Then we went to the town hall. A lady there told us the chief of police would get right on this and find our dog. Her attitude was very reassuring. After another round through the community, we departed for the beach, my wife crying all the way.
An hour later we got a call from an Oakboro police officer who said he’d seen our dog and would do his best to find her.
An hour later, a lady called and said she’d seen our dog in a parking lot. The police chief had posted an APB on Facebook, and she said she was going back to look for our dog.
I got another call from a man who saw the chief’s Facebook page. “I think I saw your dog trotting down the sidewalk on Main Street,” he said. “I hollered to some people, ‘That’s a lost dog; try and catch her.’” A man at NAPA Auto Parts opened the door and she went in and laid down behind the counter.
That gentleman brought our dog to Wadesboro, where I picked her up. Tried with all my power to pay him but to no avail.
The town of Oakboro has the most wonderful people of any town I’ve ever been to.
We love Oakboro.
— Gene and Emilia Long
Kannapolis

Thanks for help
On behalf the Rowan County Sheriff’s Office and our Relay for Life Team, I would like to thank our supporters for your help in our effort to contribute to find a cure for cancer. Sheriff Auten and the Sheriff’s Office strive to remain involved in community organizations such as Rowan Relay for Life and the American Cancer Society.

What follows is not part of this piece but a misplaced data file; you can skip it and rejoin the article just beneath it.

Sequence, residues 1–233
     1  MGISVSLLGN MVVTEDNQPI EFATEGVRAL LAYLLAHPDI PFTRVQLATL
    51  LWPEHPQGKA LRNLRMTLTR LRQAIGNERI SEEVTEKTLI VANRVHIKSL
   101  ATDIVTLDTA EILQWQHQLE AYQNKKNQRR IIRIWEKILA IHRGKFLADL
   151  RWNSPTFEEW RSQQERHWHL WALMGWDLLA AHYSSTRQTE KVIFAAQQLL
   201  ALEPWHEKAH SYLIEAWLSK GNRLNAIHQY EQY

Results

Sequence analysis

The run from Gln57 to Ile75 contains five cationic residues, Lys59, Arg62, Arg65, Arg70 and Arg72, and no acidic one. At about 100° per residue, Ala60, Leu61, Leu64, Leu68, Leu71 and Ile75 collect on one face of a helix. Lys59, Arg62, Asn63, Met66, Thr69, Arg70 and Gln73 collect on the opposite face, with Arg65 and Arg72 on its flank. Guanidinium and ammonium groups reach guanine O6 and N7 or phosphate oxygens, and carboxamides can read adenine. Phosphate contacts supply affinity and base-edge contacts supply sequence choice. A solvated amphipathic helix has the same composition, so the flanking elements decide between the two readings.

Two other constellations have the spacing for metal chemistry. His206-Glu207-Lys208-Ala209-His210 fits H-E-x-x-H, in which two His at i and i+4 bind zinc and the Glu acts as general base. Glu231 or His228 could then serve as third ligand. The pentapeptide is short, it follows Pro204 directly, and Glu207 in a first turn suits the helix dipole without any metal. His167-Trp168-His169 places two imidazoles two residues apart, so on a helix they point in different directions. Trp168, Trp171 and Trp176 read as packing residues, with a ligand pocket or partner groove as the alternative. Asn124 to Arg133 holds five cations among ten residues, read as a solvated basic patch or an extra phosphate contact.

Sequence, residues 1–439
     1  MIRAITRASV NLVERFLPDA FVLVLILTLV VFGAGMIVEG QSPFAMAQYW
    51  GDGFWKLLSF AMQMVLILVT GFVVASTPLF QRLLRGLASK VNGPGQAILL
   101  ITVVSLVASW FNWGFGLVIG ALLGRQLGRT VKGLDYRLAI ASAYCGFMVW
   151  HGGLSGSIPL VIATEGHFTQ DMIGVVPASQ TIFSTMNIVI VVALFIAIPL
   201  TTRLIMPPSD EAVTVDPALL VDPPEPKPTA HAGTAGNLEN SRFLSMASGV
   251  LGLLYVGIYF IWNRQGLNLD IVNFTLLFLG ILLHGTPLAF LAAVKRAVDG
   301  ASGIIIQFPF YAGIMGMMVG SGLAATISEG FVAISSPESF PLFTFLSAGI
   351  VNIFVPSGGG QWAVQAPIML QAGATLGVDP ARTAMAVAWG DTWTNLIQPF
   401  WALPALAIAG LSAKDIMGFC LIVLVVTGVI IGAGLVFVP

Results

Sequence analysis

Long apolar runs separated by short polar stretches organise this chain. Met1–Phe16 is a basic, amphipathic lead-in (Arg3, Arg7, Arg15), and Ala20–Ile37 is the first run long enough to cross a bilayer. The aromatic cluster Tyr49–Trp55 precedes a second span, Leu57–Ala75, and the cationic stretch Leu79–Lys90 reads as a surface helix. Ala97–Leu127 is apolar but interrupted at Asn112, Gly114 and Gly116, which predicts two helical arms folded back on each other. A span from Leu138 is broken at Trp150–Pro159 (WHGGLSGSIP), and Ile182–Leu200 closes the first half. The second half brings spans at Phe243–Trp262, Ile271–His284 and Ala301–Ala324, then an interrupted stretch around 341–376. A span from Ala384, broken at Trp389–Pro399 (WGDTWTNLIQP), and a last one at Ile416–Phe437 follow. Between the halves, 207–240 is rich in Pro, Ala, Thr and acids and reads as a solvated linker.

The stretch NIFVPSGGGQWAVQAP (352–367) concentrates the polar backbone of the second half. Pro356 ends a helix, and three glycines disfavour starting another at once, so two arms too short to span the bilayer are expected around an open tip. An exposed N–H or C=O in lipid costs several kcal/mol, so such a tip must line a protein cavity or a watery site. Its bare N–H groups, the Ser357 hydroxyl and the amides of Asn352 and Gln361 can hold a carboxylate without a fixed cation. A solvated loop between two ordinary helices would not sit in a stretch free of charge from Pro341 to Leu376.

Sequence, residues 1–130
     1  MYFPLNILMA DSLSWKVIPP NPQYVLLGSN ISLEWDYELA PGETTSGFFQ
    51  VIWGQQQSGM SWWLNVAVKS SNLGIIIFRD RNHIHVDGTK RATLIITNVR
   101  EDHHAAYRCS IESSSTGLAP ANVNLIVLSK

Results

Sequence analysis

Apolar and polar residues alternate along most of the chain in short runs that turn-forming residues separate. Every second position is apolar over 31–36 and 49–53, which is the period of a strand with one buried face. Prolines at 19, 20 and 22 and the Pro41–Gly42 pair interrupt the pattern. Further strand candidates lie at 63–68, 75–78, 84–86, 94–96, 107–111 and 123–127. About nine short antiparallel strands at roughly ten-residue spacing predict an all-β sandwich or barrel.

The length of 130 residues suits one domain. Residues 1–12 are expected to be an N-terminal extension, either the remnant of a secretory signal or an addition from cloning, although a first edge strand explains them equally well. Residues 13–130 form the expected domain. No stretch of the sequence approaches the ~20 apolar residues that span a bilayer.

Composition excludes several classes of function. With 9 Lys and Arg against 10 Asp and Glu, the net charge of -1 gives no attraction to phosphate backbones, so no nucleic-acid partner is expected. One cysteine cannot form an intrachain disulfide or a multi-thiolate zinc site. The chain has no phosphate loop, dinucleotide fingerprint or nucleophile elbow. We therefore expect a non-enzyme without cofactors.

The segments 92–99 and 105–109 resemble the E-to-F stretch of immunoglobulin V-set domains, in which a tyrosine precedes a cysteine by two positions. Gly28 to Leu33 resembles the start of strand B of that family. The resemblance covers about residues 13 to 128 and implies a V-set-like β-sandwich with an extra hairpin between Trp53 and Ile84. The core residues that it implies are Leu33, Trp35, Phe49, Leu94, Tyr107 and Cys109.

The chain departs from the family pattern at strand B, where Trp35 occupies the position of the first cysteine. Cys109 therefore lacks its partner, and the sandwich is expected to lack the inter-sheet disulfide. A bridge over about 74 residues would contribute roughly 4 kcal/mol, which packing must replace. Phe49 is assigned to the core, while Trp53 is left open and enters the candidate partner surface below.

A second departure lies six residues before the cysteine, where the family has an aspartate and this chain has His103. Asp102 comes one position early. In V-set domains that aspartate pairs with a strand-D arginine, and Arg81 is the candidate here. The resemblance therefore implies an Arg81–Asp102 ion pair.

Thank you to the many businesses who supported the cause and everybody that helped with your time and donations. Thank you for your generosity.
— Chad Moose
Salisbury
The core problem
The battle lines are forming between those who favor and those who oppose the Common Core curriculum. During the last few days some organization has even begun paying for television time to promote it’s virtues.
It is my understanding that school systems in some states may sell data collected during student testing.
During my days as a teacher in North Carolina, changes in public education went something like this: Someone in Raleigh comes up with the greatest thing since sliced bread. Teachers are then mandated to implement the newest innovation by participation in exciting workshops during a time when they should be preparing their classroom for students, who will be arriving very soon.
Teachers are also designated to be the group who are accountable for the success of the concept. No matter the amount of indifference displayed by students or parents, more work on the part of the teacher will be required if the student does not meet the testing parameter.
This model of efficiency is promoted until the next great idea is discovered. Then all these past efforts will be abandoned in order to implement the next initiative. Why in the world would veteran teachers be leaving the profession in record numbers?
Common Core is an effort to promote certain ideologies by integrating them into the educational curriculum. Should students spend equal time reading the works of Mark Twain and George Clooney?
Professor Terrence Moore of Hillsdale College has produced a video available on YouTube which presents his viewpoint of Common Core: “Story-Killers: How the Common Core Destroys Minds and Souls.” No matter your viewpoint, it would be well worth your time to review the possible pitfalls of Common Core.
— Joe Teeter
Gold Hill